When I started to build out our team, I realized that talented people thrive in a culture with just enough process/structure to hold them accountable to each other. Without it, a lot of time is wasted, things aren’t clearly communicated, and everyone ends up rowing in opposite directions.

“The success of a company depends on its tribes, the strength of its tribes is determined by the tribal culture, and a thriving corporate culture can be established by an effective tribal leader.” – Tribal Leadership

We started by writing the values of our culture (to attract the right talent to our team), implemented MORPH’s as our process so that everyone would be held accountable to each other. Today, everything is aligned from the top to the bottom and back up to the top. It’s aligned on the company, team, and individual level as well as across all projects. Accountability to the team is the foundation of any great company.

4. Meetings are O.K. We used to have an anti-meeting rule at Skillshare. We adopted the PayPal Mafia policy of cracking down on all meetings. One day, I walked into the office, and it was eerily quiet because everyone was working on their computers with headphones. At that moment, I realized that what worked for other companies and cultures wouldn’t necessarily work for Skillshare.

We believed that innovation comes from creativity and collaboration from our team. So, we designed a meeting space that fosters collaboration. We educated everyone on the power of efficient meetings (coupled with the power of being action-oriented/shipping/executing). A lot of the recent and future innovations from Skillshare were seeded in these “meetings” which I believe will be the key ingredient to our success in the future and transforming the education industry. Our competitive advantage will always be our team, community, creativity, speed and innovation.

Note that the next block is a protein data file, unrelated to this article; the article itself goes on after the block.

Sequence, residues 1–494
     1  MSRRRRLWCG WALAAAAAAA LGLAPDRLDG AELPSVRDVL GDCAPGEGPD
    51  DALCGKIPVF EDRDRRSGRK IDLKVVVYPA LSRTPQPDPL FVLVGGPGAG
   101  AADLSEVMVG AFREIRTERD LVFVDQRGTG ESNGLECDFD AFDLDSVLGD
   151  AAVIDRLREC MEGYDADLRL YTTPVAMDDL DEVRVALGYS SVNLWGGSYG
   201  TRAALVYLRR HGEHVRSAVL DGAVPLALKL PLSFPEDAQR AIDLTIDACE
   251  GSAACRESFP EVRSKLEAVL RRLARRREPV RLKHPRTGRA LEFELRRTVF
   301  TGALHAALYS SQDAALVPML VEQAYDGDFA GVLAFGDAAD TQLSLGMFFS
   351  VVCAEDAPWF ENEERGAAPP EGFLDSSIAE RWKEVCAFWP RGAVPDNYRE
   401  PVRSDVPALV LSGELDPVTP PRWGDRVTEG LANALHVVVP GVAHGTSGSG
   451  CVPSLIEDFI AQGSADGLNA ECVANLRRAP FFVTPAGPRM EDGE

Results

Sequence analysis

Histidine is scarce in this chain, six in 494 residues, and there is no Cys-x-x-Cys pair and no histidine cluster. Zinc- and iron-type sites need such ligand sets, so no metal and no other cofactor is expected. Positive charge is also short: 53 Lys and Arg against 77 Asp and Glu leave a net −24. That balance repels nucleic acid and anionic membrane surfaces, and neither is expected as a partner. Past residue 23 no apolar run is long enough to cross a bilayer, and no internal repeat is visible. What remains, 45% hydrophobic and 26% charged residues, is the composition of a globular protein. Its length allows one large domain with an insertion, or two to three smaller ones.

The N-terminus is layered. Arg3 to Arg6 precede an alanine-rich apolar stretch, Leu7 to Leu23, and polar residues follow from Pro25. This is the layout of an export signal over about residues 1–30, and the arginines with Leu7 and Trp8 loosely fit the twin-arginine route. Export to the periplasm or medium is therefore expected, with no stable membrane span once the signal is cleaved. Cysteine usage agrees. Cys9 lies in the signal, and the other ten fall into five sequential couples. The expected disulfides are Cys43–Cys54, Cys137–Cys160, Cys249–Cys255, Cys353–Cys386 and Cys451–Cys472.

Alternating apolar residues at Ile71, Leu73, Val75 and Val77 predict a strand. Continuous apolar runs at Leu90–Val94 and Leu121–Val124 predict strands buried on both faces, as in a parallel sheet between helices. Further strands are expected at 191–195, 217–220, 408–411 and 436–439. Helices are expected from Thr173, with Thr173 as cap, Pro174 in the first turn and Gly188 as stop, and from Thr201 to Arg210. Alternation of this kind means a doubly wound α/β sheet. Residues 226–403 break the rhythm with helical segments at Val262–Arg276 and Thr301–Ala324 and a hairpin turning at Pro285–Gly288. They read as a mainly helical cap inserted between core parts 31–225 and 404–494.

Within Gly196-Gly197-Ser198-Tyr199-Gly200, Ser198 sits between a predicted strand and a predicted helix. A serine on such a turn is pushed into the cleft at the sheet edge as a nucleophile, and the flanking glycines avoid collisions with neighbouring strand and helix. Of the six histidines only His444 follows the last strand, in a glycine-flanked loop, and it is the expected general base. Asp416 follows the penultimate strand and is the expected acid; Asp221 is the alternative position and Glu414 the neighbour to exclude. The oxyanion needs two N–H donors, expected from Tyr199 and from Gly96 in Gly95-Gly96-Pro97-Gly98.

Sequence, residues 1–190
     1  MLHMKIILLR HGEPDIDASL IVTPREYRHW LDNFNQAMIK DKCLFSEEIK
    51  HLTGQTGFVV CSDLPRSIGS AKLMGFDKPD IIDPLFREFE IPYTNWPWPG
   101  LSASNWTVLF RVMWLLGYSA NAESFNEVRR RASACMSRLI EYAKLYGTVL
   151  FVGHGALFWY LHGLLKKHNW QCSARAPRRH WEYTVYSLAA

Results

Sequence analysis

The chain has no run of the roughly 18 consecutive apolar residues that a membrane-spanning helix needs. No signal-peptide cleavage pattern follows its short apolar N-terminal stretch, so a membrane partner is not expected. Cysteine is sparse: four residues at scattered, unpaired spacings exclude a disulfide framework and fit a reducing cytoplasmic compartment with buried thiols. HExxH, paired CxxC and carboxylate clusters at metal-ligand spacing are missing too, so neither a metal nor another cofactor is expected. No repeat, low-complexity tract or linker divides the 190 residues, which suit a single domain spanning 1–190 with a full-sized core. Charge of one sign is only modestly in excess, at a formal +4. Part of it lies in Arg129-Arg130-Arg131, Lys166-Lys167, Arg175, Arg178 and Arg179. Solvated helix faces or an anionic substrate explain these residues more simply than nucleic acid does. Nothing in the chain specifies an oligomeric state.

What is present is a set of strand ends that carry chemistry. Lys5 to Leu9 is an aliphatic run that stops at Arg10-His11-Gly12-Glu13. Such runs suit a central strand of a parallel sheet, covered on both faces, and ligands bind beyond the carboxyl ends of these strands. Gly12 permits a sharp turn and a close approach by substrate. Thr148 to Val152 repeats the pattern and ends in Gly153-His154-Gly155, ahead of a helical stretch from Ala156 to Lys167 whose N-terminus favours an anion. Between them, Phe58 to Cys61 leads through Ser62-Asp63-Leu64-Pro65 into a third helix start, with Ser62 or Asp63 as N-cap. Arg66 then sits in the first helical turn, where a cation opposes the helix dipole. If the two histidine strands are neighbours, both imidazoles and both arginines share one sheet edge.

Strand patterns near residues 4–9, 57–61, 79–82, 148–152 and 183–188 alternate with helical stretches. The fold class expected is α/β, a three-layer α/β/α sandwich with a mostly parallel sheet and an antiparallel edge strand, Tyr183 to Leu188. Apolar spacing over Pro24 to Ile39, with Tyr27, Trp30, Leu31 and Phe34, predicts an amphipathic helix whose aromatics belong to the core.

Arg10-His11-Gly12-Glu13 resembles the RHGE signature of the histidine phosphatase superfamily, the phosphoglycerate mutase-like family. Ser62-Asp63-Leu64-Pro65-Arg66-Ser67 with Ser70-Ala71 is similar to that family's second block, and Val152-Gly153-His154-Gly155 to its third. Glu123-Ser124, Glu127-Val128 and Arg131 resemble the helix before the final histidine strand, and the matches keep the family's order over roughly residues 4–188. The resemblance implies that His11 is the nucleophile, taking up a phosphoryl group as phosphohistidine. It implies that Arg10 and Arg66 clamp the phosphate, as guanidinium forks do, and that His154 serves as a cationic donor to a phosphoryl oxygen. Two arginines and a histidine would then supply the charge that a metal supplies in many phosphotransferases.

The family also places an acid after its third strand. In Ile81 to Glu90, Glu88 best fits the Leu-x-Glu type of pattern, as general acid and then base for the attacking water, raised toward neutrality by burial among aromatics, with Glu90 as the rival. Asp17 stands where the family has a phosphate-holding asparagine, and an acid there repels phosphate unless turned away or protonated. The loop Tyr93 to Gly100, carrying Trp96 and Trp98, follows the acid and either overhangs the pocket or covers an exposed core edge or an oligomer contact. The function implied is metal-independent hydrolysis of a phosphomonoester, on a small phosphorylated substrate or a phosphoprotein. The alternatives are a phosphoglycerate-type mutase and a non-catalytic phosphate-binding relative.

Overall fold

5. Work/Life Balance. This year, I really embraced the balance between working and enjoying life to prevent myself from getting burned out. I took one day off a week (Saturday), ran a couple of half-marathons, practiced yoga weekly, and made sure to spend time with family and friends. In 2011, I spent the last week in upstate Maine as part of my “think week” which cleared my mind to make higher-level decisions for Skillshare. I made a conscious effort to not let work overpower my life which is something I see happening a lot with first-time entrepreneurs (me included).

Today, it’s easier than ever to start a company, but building a company will always be as hard as it’s ever been. Wherever you are in your journey, understand that you will always make mistakes. But as long as you learn from them, improve, and stay focused to your mission; great things will almost always happen.

Michael Karnjanaprakorn is the CEO/Co-Founder of Skillshare, which is a community marketplace to learn anything from anyone, anywhere. You can follow him on Twitter.